#20 QofR: Creative Block Workshop at The Art House, 7/12/16

On Wednesday 7th December I will be hosting an ‘Introduction to Drawing’ Workshop at The Art House Cafe. This will be the second in a series of ‘Creative Unblock’ sessions which I will continue in February 2017.

The group will complete a range of creative block exercises throughout the session, with the aim to build confidence and improve mark making skills while learning how to experiment with a variety of materials. This workshop will be perfect for total beginners and those who have a fear of the blank white page! A relaxed and friendly atmosphere suitable for all ages and abilities.

I will keep in mind the reflections from my last blog post:

“In order to develop our creativity in relation to practice we must fight to undermine our own resistance and subvert our own and other’s attempts to sabotage this.”

I’m planning to use some of the techniques suggested in Danielle Krysa’s book ‘Your Inner Critic is a Big Jerk’. Her idea of a ‘Bad Art Night’ is interesting. ‘You’ll eat, you’ll laugh, you’ll intentionally make the worst creation that you possibly can, and, by failing so epically, you’ll all win.’  Telling the class that what they make is going to be ‘bad’ anyway so they might as well have go raises the question is there such a thing as ‘bad art’? No, I don’t believe so…as long as what you’re making is genuine and something truthful then there can’t be anything wrong with that can there? My gut feeling tells me that it would be a challenge in itself and probably quite intimidating to look at a piece of paper and be told to make something awful. Perhaps instead I can incorporate this idea within other warm up exercises like my last workshop in order to make the group feel more relaxed and try to irradiate their fear of failing because what they produce may not be ‘perfet’

Krysa interviews artist Kim Werker about the idea of purposely making terrible things…

‘Nobody goes into starting a project…thinking about how valuable it might be to fail. That would be nuts.’

‘Now I just throw one project under the bus right off the bat. I make something that’s intentionally ugly. Grotesque, even. Because that’s what an epic failure would be, right? So I make something totally revolting, and then I gloat a little over how capable I am of spectacularly failing, and then I start over, knowing that whatever it is I do from that point forward will have to be better than my ugly thing.’

Krysa’s ‘Top Ten Rules to Play Within’ could also provide some inspiration for this workshop and I’ve already tried most of these in one way or another during ‘Blockvember’. These techniques would help to undermine the participants resistance by easing them in to a creative task and then building upon it. Gradually I hope to build their confidence in a fun environment so that they feel comfortable to experiment with materials, make marks and feel that they have achieved something very posistive.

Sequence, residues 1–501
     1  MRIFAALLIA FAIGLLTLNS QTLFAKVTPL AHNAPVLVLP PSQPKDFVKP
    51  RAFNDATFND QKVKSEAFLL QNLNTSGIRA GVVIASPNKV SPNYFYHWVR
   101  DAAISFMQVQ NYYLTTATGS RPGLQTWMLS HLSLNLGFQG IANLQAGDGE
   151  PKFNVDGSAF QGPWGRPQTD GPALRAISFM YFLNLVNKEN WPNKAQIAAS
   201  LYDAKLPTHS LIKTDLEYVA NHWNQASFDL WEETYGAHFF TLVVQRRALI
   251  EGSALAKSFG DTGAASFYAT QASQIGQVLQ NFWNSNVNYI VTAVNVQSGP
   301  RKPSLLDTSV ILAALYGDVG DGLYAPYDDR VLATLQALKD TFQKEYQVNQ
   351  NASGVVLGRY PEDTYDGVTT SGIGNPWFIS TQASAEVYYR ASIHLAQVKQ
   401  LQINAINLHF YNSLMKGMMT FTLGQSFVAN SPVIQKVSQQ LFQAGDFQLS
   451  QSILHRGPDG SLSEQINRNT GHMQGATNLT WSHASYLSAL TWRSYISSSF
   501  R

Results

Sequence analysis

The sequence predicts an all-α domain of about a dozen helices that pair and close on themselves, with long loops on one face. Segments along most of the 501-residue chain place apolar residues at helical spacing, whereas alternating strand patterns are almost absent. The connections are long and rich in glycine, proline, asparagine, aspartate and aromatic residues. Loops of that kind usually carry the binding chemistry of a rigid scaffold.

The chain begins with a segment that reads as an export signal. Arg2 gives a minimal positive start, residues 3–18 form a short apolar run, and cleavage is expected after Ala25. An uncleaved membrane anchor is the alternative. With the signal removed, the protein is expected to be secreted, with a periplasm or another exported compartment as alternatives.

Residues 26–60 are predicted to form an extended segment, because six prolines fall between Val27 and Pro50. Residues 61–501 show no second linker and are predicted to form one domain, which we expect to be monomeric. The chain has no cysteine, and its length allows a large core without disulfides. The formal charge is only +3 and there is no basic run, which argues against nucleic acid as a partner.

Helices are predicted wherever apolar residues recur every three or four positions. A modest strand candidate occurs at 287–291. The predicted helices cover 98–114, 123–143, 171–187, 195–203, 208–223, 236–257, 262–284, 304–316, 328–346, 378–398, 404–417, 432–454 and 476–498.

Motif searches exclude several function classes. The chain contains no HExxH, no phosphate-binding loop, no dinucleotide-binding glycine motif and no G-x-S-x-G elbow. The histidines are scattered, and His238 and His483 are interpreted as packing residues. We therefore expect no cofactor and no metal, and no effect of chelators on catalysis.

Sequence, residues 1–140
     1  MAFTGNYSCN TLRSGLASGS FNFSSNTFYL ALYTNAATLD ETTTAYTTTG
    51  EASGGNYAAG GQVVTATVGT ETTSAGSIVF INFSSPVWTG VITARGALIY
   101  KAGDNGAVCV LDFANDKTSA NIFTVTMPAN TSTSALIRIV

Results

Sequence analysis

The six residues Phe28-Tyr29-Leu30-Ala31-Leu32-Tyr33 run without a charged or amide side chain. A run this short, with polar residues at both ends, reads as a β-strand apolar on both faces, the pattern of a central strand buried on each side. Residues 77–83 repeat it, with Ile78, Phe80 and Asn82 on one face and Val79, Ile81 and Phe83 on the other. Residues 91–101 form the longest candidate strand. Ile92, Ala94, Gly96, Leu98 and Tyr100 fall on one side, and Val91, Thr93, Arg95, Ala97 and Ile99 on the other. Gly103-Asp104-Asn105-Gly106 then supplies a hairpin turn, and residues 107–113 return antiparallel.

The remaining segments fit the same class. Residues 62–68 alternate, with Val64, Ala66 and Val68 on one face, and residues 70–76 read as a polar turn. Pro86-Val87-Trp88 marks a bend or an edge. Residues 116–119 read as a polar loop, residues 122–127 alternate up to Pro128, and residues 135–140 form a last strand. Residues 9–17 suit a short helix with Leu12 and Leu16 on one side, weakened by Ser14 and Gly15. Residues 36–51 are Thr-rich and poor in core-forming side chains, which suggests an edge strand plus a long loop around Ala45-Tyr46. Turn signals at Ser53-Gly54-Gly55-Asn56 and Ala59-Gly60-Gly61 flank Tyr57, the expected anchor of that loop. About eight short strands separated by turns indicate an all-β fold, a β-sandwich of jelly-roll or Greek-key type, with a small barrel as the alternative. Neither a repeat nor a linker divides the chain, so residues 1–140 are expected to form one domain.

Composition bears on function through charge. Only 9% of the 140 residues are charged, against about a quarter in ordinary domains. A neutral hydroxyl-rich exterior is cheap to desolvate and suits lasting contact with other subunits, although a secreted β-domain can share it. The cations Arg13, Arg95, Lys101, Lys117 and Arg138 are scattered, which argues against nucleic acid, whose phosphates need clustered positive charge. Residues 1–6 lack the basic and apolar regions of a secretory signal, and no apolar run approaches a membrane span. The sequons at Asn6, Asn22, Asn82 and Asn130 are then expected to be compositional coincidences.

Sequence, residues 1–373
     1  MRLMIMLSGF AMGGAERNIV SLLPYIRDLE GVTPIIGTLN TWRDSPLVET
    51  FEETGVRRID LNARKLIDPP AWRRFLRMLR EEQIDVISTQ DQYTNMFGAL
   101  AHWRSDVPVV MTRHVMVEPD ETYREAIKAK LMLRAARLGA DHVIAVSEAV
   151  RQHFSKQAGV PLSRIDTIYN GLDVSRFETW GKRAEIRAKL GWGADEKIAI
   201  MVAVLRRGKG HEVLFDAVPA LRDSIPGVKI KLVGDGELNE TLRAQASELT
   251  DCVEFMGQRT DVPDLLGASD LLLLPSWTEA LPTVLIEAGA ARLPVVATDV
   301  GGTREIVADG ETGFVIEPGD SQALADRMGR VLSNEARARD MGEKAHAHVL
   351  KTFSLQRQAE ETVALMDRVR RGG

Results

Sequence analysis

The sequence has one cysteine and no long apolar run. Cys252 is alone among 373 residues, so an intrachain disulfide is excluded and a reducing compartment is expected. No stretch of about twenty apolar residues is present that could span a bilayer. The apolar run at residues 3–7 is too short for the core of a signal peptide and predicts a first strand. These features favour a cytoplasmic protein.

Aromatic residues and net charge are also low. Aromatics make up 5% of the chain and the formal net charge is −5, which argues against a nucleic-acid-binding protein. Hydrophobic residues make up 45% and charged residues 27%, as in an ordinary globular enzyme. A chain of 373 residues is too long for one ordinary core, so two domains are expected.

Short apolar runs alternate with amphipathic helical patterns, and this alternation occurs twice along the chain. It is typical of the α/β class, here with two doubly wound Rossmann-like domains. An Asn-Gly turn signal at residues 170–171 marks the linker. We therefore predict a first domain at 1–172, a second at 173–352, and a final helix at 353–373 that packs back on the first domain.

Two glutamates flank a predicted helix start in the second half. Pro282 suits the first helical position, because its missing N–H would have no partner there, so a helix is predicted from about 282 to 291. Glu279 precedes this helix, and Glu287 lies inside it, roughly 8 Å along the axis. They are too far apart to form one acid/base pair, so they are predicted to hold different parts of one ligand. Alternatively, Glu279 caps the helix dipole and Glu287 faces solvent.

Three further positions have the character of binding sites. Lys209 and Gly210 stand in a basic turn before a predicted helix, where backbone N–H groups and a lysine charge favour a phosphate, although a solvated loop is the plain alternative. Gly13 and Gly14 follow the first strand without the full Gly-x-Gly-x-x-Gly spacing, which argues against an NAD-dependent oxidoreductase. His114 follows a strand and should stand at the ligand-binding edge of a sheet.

A few of my favourites from this list:

– Choose one colour that you love, and then gather all of your supplies that you own in that particular colour and make something.

– Pull a sentence from a random place (social media, newspaper, an overheard conversation) and make a piece from it.

– Cut a sheet of paper into lots of tiny pieces and work on each bit knowing that they’re too tiny to be considered final pieces.

– Work on a surface that already has something on it. Incorporate the words, images into your new piece. For this I could take in some old books, wrapping paper, newspaper and magazines to work on. Giving an existing image new meaning.

– Chop up an existing image, rearrange it and create an entirely new composition. I could have a list of subjects to draw. Participants could spend 20 minutes or so making a drawing, not knowing that they have to cut it up to make a new piece. I like this idea…could form part of a collage using other materials and ephemera.

To finish off the workshop I could get the class to write down some words and phrases to look at when they’re feeling that creative block and inner critic take over, giving it a new name

‘Find brilliance in the Scraps’ – Spend some time drawing, writing etc on scraps of paper, screwing them up when you’ve finished each one. Then pick one at random and work on it.


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